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     Do you greet your friends with hugs? or with handshakes?  Or do you just say, "Hi!" and hope no one makes a move toward you?
Me, I'm a hand-shaker.  Not of the formal type.  More like the friendly type.  I hold out my hand, look in your eyes and give you a friendly smile—if you're smiling at me.  Otherwise, I can look as cool and unimpressed as you can. 

     My first mistake was to marry a hugger.  He greets everyone with a big, friendly hug.  Makes me look kinda cold, in comparison.  Especially when it's my family he's hugging so warmly.  And at social events, I reach out my hand in a friendly fashion and then he steps up and enfolds our guest in an exuberant hug. 

     Well, I'm trying.  But I've got a lot to overcome.

     My family wasn't much into hugging.  We all loved each other and respected each other, but hugging just seemed kind of superfluous.  Plus, I grew up in Maine, where you're lucky if someone adjusts his chin an inch or so to acknowledge your presence.  Rushing up to someone and grabbing him with both arms is a bit risky in Maine.

     Topping it off was my great-aunt Aggie in Washington, D.C.  Great-aunt Aggie was the only known relative on either side of my mother's and father's families who always, always! gave big, warm, smarmy hugs, complete with wet lips pressed against the cheek.  She had other eccentricities, but this was the one we prayed to escape.  We never did.  Mom and Dad stood over us in great-aunt Aggie's parlor and smiled – actually smiled! – as we squirmed and jostled, trying to disappear into the elegant Oriental carpets that covered the polished hardwood floors.  I still remember the feel of great-aunt Aggie's stiff corset under her slippery silk dress as she hugged me long and tightly, until I almost couldn't breathe.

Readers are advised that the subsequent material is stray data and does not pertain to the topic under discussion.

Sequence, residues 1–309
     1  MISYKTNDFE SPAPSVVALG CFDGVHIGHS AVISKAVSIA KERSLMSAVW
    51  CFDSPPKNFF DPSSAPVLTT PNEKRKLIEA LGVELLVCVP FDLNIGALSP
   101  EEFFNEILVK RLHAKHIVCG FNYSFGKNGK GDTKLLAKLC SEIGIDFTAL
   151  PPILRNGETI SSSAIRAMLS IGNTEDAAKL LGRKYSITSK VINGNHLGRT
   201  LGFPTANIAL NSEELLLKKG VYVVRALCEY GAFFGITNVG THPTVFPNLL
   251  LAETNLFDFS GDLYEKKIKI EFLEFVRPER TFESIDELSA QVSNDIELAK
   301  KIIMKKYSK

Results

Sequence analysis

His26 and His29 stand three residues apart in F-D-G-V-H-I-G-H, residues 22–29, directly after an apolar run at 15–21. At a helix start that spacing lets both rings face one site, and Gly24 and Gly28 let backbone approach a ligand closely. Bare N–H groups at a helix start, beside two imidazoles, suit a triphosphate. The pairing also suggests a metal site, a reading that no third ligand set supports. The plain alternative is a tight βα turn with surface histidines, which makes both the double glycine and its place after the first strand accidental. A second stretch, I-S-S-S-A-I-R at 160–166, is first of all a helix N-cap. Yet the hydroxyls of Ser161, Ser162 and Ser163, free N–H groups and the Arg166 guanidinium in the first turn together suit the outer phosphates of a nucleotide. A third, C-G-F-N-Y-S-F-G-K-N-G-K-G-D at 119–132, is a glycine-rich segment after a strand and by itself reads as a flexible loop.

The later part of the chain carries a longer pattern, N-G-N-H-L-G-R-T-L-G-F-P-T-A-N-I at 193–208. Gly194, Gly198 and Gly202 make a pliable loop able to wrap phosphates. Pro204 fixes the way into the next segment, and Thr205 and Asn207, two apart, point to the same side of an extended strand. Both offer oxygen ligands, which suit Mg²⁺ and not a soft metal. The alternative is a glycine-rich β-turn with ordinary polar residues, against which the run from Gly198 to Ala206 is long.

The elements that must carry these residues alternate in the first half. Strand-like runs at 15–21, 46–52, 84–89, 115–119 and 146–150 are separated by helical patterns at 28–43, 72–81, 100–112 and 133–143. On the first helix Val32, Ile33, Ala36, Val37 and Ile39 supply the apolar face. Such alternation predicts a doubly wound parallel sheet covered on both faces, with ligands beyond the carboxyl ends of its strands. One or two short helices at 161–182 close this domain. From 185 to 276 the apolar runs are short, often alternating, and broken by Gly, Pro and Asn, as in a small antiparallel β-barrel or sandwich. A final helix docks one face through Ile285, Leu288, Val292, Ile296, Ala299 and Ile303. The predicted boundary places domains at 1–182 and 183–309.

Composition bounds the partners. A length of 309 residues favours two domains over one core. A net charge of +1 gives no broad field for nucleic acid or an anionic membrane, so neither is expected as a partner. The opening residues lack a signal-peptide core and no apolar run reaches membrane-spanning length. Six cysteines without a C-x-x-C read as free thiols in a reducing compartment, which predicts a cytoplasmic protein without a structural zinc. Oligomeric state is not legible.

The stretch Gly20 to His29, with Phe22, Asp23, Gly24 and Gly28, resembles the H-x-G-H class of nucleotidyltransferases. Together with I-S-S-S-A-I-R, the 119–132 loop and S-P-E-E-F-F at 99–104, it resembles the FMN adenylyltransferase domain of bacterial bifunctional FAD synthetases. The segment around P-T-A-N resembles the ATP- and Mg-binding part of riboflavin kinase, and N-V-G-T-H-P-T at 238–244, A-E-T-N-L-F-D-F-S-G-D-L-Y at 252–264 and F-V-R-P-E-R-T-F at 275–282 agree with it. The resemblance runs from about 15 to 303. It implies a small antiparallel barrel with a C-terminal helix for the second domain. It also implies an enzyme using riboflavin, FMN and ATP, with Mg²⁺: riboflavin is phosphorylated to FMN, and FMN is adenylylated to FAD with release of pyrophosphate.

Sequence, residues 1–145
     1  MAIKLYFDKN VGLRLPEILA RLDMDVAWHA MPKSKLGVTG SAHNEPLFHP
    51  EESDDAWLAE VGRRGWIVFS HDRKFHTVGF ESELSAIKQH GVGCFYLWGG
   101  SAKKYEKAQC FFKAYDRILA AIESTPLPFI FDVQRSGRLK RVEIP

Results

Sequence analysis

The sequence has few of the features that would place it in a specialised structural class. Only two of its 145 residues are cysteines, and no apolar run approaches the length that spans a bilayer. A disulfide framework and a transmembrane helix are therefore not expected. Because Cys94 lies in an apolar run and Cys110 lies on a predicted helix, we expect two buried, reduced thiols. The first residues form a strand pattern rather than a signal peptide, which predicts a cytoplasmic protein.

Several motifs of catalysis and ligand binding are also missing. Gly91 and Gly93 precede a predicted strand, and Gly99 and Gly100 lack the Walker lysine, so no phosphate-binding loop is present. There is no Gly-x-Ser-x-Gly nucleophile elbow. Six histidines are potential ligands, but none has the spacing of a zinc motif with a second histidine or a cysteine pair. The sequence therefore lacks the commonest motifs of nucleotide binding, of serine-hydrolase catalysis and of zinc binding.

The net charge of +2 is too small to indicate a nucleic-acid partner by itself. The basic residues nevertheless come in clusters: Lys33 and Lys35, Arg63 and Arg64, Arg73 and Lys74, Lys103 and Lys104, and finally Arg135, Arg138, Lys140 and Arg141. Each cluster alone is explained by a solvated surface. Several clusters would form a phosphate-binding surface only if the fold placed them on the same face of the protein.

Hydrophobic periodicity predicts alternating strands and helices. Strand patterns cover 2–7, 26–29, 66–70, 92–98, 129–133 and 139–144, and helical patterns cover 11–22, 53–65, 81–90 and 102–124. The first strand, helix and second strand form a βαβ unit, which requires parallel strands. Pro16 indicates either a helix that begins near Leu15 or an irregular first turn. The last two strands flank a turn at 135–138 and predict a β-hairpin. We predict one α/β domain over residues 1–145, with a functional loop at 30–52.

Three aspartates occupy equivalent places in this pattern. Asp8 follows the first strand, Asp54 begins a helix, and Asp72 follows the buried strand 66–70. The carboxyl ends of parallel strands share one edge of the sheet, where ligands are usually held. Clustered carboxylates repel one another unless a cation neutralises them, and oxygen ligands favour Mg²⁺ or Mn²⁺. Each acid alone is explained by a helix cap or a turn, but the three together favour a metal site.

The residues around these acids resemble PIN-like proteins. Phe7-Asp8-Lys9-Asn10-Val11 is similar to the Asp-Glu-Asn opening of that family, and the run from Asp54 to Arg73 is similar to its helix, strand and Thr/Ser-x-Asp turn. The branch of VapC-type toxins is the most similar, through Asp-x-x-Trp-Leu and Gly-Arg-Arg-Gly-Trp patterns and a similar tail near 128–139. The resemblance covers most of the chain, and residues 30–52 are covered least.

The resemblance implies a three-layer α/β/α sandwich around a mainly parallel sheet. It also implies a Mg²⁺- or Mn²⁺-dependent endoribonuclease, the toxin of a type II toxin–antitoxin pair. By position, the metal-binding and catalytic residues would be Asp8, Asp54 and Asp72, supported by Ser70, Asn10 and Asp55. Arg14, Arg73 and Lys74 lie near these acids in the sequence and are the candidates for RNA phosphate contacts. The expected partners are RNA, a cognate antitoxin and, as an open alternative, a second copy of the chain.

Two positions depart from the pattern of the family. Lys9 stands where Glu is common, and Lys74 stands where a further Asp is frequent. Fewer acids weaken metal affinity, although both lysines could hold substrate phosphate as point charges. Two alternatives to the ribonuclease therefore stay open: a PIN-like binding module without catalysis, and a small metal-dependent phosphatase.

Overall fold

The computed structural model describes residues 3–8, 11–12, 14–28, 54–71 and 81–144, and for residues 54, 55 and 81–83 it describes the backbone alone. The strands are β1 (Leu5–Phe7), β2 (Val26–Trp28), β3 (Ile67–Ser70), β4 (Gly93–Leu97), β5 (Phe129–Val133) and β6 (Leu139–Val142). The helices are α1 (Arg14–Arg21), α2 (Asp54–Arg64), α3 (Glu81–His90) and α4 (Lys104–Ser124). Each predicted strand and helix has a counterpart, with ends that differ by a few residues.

I was always relieved to get back to Maine, where no one ever even thought of hugging anyone.  But then we moved to California.  Friendly, casual, everyone-loves-everyone California.  And I married a hugger.  There was no escape.

     I remember the first company party I went to.  My hugger husband went around hugging everyone and then introducing me.  Each time, I held out my hand and looked into the person's eyes to – you know, size him up – when suddenly I found myself enclosed in a most energetic, great-aunt Aggie style hug.  By a complete stranger!

     Good thing I had all that practice with great-aunt Aggie's hugs.  I just waited 'til the hugger was done, and stepped carefully back a pace.

     "Nice to meet you," I murmured.  And thought silently, "But it would've been nicer if you hadn't just crushed every bone in my body." 
Not everyone hugged me that enthusiastically.  There were gentleman hugs and ladylike hugs – hugs that seemed to say, "Well, we have to do this, but we wouldn't want to rumple our suit or muss up our hair, would we?"  And then, ever so gently, the arms took the proper position and encircled my body—without actually touching any part of it.

     I gave a little speech about hugs and handshakes at my club last spring.  I'm not sure I should've done that.  Most of the members are huggers—some avid, some casual, and some just reciprocal, huggers.  My speech—in which I proclaimed myself to be a hand-shaker—caused great consternation.  At the meetings now, members come up to greet me, then suddenly reel in their arms as they remember aloud, "Oh, that's right.  You're a hand-shaker."  Then they stiffly hold out their hand, as if we'd just been introduced at the White House.

     Occasionally—in exceptionally exuberant moments—I greet a member with wide-open arms.  This totally confuses them, but they're usually quick to recover and take advantage of my unexpected largesse.

     So I'm learning.  Years of marriage to a hugger, combined with years of residence in one of the most hug-prone states in the Union, is breaking down my tried and true greeting of a friendly handshake with a smile.  But I keep it handy—for special occasions.

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